Latest surveys and data have been largely disappointing, and it currently looks pretty likely the United Kingdom will suffer a renewed dip in GDP in the fourth quarter following the 1.0% q/q rebound in the third quarter. On the output side of the economy, industrial production appears headed for a sharp fall in the fourth quarter, while the services sector seems to be barely growing. However, there could be rare expansion in construction output. On the expenditure side, the trade deficit disappointingly widened markedly in October as exports fell. Further bad news saw retail sales volumes fall 0.8% month-on-month in October; and while hopes for consumer spending were then lifted by a marked rise in consumer confidence to an 18-month high in November and a robust Confederation of British Industry distributive trades’ survey, they were then hit anew by a muted British Retail Consortium survey for November.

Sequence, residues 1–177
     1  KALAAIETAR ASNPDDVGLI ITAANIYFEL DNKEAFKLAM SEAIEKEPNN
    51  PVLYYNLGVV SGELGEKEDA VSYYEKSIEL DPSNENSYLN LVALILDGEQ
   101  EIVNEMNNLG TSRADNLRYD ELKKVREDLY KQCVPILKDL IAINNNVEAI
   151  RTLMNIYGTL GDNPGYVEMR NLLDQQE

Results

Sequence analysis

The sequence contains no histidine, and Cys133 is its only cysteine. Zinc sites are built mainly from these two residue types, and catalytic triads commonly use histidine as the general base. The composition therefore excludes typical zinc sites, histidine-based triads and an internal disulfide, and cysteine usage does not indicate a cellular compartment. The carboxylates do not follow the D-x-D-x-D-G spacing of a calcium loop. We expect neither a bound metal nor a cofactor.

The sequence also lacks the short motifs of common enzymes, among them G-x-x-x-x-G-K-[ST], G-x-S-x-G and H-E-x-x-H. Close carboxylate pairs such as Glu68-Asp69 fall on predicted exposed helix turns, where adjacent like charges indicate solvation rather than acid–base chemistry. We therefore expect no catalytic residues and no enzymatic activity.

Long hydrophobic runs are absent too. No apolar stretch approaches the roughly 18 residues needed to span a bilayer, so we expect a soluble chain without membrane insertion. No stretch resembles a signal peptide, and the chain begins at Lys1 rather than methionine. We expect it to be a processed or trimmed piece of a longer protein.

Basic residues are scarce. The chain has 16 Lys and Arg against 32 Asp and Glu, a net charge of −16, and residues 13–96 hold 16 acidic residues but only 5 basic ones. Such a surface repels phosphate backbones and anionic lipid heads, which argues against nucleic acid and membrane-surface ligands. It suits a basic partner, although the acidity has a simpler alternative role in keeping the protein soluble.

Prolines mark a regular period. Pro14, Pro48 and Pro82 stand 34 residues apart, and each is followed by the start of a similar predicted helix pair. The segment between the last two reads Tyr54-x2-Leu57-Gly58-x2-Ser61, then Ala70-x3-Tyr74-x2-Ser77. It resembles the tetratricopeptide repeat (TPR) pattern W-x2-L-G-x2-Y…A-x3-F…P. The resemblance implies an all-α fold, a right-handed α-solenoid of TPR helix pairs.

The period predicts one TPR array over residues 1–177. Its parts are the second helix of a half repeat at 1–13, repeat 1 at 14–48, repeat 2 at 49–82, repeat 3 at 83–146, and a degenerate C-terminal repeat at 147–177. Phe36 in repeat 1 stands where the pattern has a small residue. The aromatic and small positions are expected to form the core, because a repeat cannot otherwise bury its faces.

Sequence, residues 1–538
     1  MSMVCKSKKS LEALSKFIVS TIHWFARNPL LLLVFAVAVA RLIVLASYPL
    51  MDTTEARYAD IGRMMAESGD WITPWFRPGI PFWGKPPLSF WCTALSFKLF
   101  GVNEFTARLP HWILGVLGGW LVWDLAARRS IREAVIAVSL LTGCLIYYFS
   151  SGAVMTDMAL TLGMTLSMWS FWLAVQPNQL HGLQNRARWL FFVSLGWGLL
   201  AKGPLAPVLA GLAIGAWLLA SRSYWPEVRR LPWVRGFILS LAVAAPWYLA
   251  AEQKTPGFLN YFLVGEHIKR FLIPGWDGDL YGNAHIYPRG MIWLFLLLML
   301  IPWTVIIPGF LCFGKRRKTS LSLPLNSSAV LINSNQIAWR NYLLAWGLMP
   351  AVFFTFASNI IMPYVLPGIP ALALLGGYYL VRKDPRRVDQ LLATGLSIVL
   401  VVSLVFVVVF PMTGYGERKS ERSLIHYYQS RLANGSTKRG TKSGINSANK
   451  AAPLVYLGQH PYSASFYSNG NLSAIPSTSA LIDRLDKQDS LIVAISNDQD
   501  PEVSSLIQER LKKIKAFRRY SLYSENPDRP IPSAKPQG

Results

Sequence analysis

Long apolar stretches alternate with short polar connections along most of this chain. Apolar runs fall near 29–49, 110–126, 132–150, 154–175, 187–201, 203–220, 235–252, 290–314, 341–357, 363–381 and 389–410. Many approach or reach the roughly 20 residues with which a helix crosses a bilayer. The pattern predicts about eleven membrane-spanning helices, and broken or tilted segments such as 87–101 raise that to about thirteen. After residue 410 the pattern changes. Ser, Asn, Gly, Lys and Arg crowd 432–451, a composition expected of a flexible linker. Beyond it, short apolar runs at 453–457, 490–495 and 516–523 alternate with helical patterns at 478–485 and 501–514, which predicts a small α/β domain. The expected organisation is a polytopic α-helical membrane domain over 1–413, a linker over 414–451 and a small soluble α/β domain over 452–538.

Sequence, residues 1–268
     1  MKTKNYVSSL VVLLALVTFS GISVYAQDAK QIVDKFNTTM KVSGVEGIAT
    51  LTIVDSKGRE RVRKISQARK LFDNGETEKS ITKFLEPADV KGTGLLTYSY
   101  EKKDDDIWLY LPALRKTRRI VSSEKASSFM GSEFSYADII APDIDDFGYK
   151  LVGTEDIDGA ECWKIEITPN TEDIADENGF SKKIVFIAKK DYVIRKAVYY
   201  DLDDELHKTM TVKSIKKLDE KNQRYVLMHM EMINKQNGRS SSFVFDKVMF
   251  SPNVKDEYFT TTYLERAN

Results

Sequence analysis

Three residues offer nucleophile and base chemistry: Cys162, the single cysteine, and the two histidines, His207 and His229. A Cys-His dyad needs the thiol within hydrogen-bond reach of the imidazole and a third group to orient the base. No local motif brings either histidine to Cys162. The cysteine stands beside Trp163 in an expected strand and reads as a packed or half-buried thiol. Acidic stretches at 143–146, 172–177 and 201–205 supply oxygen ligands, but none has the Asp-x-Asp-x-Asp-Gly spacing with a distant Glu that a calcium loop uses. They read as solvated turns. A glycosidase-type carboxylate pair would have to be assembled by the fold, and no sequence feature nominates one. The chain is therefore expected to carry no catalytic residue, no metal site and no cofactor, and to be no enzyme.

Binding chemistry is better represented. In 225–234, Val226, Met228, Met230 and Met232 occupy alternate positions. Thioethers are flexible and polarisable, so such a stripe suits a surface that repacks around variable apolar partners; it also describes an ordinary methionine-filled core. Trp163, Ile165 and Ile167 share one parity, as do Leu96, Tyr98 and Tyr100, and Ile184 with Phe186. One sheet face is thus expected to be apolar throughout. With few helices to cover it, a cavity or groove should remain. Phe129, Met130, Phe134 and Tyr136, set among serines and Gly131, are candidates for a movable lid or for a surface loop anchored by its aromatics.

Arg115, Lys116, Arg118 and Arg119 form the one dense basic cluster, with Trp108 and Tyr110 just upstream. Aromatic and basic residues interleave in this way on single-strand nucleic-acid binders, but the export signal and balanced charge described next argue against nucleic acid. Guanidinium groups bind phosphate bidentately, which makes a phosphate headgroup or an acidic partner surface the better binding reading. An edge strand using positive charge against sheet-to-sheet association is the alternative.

We currently expect a 0.2% q/q fall in GDP in the fourth quarter, but much could yet depend on how much consumers spend over Christmas and how well the services sector does.
While any fourth-quarter GDP dip would likely be partly due to an unwinding of the Olympics boost that clearly helped the economy in the third quarter, there is significant concern that the weakness goes deeper than that and the UK is headed for a genuine “triple dip”.
We suspect that the economy will grow anew in the first quarter of 2013 after the likely dip in the fourth quarter of 2012, but we expect expansion to be modest overall and fitful in 2013. Fiscal austerity kicking in further, still difficult credit conditions particularly for smaller companies, muted global economic activity and continuing serious problems in the Eurozone are all likely to hamper growth for some time to come, while consumers will still face significant limitations to their spending ability. In such an uncertain and still difficult environment, firms are likely to continue to be cautious in investing, and it remains to be seen whether the “Funding for Lending Scheme” leads to a significant pick-up in credit to companies (especially smaller ones).
Consequently, we see UK GDP growth limited to 1.1% in 2013. Growth is expected to be the result of a modest increase in consumer spending, a gradual pick up in investment as the year progresses, and moderately improved exports helped by slightly better global growth in 2013 compared to 2012.
Consumer price inflation in October